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Montreal Place d'Armes
Montreal Place d'Armes

Montreal Place d'Armes

Between St-Jacques St and Notre-Dame St, Montréal, QC , Canada, H2Y

The Basics

Many Montreal walking, biking, and sightseeing coach tours come to Place d’Armes so visitors can see the historic structures that surround the square. Most walking tours of Old Montreal follow routes that incorporate Place d’Armes and other historic attractions in the area, such as the Old Port, Place Jacques-Cartier, Ramezay Castle (Chateau Ramezay), and Bonsecours Market.

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History Walking Tour of Old Montreal
History Walking Tour of Old Montreal
$20.67 per adult
Traveler Favorite
Great experience, saw a...
Great experience, saw a lot of memorable things. We really liked how the guide was so informative about the history of Montréal
Brian_T, Oct 2021

Things to Know Before You Go

  • Place d’Armes is a must-visit for architecture fans, with many landmark buildings from different eras lining the square.

  • Bring a camera: The square offers some of the finest views of Montreal’s Notre-Dame Basilica.

  • Wheelchair users can access the square via the Place-d’Armes Metro station. The square’s main attraction, Notre-Dame Basilica, is also wheelchair accessible.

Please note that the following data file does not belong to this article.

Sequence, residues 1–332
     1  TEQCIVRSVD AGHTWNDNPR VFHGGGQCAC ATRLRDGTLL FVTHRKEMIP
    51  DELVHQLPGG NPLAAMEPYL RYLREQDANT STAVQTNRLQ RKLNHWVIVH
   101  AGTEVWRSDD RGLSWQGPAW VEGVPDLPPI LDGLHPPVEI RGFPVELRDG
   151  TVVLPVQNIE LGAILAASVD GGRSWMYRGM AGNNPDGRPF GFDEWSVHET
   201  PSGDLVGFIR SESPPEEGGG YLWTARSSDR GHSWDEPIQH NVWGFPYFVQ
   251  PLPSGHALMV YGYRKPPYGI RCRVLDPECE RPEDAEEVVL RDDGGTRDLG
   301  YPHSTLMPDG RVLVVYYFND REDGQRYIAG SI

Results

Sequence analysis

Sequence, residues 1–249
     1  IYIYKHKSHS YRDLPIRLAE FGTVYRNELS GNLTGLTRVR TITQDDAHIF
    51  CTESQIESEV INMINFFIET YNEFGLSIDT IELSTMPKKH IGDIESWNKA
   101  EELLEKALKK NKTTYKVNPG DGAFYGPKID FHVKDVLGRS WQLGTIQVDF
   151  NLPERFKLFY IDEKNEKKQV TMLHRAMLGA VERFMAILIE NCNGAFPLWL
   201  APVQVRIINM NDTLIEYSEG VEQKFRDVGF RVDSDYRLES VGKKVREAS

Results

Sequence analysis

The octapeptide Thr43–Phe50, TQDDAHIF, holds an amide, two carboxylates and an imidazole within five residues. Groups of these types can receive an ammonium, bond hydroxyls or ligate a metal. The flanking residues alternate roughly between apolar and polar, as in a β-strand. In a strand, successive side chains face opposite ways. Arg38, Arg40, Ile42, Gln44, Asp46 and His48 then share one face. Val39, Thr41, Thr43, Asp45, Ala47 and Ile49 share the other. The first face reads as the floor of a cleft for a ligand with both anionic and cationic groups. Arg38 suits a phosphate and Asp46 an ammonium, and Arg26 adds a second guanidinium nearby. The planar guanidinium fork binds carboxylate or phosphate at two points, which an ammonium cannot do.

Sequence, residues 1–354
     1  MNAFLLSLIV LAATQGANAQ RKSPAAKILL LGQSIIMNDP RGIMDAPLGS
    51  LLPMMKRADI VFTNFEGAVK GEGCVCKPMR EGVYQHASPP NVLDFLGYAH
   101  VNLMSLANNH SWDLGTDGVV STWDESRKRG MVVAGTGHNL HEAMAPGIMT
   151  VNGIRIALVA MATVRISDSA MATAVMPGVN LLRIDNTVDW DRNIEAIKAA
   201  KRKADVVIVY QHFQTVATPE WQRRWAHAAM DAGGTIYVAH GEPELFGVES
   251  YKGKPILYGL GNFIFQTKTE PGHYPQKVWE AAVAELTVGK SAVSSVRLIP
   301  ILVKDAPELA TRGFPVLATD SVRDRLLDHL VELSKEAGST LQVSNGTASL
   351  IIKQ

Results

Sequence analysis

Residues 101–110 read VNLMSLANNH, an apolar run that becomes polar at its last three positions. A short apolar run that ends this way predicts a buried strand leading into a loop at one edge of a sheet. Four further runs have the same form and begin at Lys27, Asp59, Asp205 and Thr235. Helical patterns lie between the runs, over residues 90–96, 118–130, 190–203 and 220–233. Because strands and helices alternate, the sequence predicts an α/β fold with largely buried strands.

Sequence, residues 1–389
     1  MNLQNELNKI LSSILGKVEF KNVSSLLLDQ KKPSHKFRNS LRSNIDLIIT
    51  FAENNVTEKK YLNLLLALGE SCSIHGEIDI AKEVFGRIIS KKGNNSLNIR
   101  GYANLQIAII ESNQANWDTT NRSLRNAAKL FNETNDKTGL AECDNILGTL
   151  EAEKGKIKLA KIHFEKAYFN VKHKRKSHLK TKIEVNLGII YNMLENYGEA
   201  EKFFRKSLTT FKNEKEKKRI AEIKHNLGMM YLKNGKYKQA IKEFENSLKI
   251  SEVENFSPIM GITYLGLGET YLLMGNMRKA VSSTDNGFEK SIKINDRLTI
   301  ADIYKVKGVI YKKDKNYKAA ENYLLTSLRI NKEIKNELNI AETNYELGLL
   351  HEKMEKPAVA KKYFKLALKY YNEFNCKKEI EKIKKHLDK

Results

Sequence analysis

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How to Get There

To get to Place d’Armes, take the Metro Orange Line to the Place-d’Armes station. The square is just a 5-minute walk from the waterfront Old Port.

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When to Get There

Visit in summer or fall, when it’s warm enough to linger and take some time to admire the surrounding sights. The square is also appealing at night when the facade of the basilica is strategically lit, highlighting its exterior architectural features. On select nights, the basilica hosts an interior light show, which use lighting design and sound to showcase the beauty of the basilica’s artwork and interior decoration.

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Place d’Armes Architecture

Next to the basilica is the Saint-Sulpice Seminary. Built in 1687 by Catholic Sulpicians, Saint-Sulpice Seminary is the second-oldest building in Montreal. On another side of the square sits the red sandstone 8-story New York Life Insurance Building—built in the late 1880s and considered to be Montreal’s first skyscraper—and the Aldred Building, a 23-story 1931 art deco gem that bears a strong resemblance to the Empire State Building in New York.

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